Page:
What’s different about this Lancaster war memorial?
PUBLISHED: 14:50 06 October 2020 | UPDATED: 14:50 06 October 2020
Miss Whalley’s Field was left to the people of Lancaster after World War One
In a corner of a Lancaster suburb there’s a field that is forever a reminder of a sister’s love for her brother, father and her native city.
The site – known as Miss Whalley’s Field – was bought with money bequeathed by Miss Frances Geraldine Whalley, who died in 1939, aged 57.
She stipulated that the land should be ‘for the use and enjoyment and benefit exclusively or mainly, of children residing in the Borough of Lancaster’ and was given in memory of her brother, Julian, who was killed in World War One, and their father, Colonel J Lawson Whalley.
Julian, who had originally joined the King’s Own Royal Regiment, was a captain in the Essex Regiment when he died in a German Field Hospital in France in 1917, aged 33. Colonel Whalley was Colonel Commandant in the King’s Own.
The field, now designated as an official war memorial and with spectacular views across Lancaster from Derwent Road, has a certain amount of protection from development and is no longer in the Local Plan.
It was fears of such development that prompted the Friends of Miss Whalley’s Field to be formed in 2015.
Since then, these volunteers have partnered with Lancaster City Council which has managed the field for almost 70 years. The council helps to maintain the site, working closely with the Friends by organising tree planting days, training and overseeing their management plan.
In 2017, on the centenary of Julian Whalley’s death, a special memorial was unveiled and on each November 11, it’s the focus of a Remembrance service.
Unfortunately, very little is known about Miss Whalley and no photographs of her seem to exist though it is assumed that she was a wealthy woman. The step-daughter of ‘Lino King’ Lord Ashton, as well as leaving enough money to buy land, she also bequeathed watercolours, furniture, pottery and porcelain to Lancaster City Museum.
She lived at Heaves near Kendal at the time of her death and is buried in Lancaster Cemetery.
One of her few surviving descendants is great niece, Jean Argles who played her own important role in wartime as documented in the book, The Codebreaking Sisters, which came out this year. Jean remembers her great aunt as very kind and generous, once giving her a pony for Christmas.
The Friends are currently planning to name a wood in the field after Jean which will be filled with 750 trees and 4,500 bulbs.
Past Friends projects include removing tonnes of flytipped rubbish and installing two benches and a noticeboard. Fundraising is an ongoing issue and they also help the community bonfire organised by the nearby Gregson Community Centre and held on the field each November.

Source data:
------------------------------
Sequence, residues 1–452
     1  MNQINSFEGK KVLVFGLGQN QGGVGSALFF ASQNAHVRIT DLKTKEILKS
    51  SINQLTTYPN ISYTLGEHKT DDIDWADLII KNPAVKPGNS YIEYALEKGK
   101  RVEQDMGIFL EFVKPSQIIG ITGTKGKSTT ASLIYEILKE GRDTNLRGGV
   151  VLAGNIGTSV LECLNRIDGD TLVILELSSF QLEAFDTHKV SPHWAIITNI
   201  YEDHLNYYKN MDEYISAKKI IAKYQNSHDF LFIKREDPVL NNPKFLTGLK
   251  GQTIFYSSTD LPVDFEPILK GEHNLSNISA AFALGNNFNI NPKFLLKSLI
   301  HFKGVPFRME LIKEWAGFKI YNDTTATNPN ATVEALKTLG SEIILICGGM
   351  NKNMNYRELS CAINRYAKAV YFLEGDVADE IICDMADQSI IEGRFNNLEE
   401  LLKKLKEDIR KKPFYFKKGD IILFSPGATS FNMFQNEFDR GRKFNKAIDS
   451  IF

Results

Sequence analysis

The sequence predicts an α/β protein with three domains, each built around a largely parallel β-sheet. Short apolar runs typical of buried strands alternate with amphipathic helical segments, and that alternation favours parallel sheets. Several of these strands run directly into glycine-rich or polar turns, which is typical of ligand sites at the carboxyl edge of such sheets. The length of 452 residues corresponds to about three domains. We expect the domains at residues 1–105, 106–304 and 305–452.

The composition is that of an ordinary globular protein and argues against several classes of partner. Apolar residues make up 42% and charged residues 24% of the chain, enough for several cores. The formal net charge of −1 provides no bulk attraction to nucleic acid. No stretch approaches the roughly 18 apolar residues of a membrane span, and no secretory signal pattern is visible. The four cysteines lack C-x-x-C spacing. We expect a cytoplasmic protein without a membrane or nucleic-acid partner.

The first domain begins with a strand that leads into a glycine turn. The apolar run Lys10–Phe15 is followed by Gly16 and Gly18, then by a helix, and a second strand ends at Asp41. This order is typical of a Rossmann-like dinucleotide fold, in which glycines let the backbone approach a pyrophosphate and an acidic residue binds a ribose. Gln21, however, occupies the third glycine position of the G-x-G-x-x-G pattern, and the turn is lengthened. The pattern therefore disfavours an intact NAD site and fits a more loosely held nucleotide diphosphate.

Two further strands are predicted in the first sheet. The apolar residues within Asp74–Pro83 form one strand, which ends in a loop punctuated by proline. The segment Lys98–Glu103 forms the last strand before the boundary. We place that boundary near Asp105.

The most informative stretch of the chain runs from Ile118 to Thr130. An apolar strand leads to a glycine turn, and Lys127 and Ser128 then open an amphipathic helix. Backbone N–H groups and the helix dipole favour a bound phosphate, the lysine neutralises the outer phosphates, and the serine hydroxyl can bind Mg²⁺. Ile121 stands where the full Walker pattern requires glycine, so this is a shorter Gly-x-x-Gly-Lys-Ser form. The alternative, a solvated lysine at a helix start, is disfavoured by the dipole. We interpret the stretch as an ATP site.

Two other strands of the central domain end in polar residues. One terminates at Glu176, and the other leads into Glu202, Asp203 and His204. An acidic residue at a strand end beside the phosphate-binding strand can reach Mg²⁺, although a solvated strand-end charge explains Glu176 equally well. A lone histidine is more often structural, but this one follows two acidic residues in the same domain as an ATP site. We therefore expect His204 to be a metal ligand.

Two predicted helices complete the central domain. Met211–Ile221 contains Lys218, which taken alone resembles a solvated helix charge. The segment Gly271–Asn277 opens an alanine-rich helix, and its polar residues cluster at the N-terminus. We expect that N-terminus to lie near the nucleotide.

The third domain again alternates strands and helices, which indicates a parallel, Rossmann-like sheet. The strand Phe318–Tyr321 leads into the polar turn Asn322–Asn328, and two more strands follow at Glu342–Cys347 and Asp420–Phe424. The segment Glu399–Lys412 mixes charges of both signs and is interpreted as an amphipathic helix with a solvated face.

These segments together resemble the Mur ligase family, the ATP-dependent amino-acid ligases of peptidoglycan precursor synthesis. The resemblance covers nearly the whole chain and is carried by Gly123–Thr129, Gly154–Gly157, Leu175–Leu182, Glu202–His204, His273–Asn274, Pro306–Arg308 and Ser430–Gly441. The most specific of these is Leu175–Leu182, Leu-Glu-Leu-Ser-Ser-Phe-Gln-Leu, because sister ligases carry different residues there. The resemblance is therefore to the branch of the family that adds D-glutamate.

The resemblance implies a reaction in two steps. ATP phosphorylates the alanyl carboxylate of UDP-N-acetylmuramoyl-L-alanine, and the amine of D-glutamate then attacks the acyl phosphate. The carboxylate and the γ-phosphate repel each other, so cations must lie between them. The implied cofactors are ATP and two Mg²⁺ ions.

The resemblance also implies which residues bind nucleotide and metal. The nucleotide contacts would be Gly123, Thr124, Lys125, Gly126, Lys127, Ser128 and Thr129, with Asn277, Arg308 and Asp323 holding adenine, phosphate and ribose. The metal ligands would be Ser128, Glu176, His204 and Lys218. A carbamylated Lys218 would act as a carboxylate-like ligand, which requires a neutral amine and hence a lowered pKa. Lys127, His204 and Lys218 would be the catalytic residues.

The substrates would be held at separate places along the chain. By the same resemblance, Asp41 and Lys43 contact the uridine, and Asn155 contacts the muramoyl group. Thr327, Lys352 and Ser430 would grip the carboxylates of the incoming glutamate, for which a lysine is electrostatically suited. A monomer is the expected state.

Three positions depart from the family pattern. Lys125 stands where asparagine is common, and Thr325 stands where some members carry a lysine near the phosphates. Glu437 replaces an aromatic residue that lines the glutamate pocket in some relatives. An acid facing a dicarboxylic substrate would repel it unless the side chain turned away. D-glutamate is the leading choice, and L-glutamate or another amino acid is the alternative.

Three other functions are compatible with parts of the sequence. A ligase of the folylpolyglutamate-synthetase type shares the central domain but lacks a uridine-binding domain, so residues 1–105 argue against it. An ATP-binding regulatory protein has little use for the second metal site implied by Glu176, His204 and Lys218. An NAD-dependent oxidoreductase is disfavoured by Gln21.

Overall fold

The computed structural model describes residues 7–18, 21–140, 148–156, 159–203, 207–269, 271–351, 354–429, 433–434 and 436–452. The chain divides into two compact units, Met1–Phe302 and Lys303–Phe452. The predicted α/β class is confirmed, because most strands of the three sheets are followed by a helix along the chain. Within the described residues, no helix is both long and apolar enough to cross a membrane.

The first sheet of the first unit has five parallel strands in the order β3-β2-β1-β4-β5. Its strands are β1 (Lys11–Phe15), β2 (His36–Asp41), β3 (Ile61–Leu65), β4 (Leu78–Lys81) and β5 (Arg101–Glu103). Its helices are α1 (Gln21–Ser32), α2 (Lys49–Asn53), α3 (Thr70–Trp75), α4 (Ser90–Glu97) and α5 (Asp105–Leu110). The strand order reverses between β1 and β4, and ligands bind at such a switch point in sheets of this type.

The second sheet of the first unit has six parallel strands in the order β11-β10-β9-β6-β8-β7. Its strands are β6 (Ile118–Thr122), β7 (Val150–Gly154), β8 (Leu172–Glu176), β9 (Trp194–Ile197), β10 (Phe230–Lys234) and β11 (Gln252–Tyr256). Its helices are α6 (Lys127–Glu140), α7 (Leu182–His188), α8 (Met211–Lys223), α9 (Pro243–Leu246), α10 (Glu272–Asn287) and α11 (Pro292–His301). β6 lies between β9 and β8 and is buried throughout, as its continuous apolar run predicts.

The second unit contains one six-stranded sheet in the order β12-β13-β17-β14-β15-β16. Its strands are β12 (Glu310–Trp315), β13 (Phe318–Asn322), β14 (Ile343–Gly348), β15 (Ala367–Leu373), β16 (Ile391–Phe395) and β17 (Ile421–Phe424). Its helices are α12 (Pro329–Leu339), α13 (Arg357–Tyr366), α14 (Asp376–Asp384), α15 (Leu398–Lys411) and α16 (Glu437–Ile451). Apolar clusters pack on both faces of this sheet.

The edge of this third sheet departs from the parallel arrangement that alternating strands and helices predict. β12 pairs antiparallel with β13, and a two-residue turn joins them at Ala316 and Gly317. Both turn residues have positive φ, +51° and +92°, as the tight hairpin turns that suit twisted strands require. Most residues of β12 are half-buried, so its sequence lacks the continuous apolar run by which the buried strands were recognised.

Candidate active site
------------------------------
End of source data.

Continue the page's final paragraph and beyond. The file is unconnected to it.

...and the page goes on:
There are about 90 volunteers – ranging in age from five to pensioners – and members have included refugees from Somalia and Syria who have settled in Lancaster.
As Miss Whalley wished, children are very much involved with the field and all four nearby schools have taken part in activities there.
Lancaster Royal Grammar School boys participated in the centenary service and last summer, Christ Church School pupils buried a time capsule on the field and held a celebratory picnic.
Castle View School children painted pebbles reflecting the field’s history with the winning one to be placed on Julian Whalley’s grave at Cambrai and most recently, Central Lancaster High School pupils began a memorial garden which was half finished when lockdown thwarted their plans though locals stepped in and planted wildflowers which bloomed there during the summer.
‘It’s been a focus of ours to involve local children and the community completely in our plans,’ said Friends group chair Paul Wiggins.
‘It’s very important to us that the field is for everyone and I love its multi-purpose aspect. It’s in an urban area with fantastic views of the castle but in places you could be in a hay meadow in the countryside and in others you could be in a park.’
The 5.8 acre field, which has been wartime allotments and a football pitch in the past, is now a wildlife haven with sightings of kestrels, sparrowhawks, barn owls and buzzards as well as hedgehogs, butterflies, bats and even roe deer.
Future plans include improving access for the less able and working with United Utilities to improve land drainage.
And Paul added: ‘If Miss Whalley was to come to see the field now, the work being done here and how it is appreciated, I’d like to think she would be pleased.’
* For more information, visit misswhalleysfield.org.uk.